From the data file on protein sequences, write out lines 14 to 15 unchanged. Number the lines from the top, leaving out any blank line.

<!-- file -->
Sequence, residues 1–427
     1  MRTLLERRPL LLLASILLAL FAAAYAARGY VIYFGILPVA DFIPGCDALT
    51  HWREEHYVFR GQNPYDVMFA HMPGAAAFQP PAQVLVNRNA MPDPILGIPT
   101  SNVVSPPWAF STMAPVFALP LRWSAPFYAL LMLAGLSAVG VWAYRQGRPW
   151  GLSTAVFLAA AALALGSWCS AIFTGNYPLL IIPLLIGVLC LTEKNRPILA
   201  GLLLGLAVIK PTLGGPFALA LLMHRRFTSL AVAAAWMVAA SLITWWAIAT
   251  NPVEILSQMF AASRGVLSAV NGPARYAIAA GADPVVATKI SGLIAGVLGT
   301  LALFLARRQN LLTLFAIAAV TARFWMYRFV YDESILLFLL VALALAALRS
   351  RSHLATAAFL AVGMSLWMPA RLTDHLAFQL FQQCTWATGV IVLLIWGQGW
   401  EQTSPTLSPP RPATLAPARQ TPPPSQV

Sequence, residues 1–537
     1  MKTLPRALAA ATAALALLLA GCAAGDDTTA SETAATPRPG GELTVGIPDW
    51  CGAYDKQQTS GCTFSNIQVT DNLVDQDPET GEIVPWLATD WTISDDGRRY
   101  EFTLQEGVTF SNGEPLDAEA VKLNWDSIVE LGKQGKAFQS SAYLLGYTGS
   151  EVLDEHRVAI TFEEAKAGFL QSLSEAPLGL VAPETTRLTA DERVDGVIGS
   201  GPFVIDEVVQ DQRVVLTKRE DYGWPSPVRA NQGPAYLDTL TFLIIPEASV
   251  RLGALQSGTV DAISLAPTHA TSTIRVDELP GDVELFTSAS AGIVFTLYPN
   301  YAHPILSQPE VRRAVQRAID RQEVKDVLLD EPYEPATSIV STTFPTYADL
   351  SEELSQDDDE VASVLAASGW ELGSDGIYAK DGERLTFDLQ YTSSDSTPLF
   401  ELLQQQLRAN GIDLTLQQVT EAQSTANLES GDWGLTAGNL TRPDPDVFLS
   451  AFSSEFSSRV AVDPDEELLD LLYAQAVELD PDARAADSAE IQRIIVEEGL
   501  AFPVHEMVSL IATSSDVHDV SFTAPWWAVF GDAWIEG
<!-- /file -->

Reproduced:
   101  EFTLQEGVTF SNGEPLDAEA VKLNWDSIVE LGKQGKAFQS SAYLLGYTGS
   151  EVLDEHRVAI TFEEAKAGFL QSLSEAPLGL VAPETTRLTA DERVDGVIGS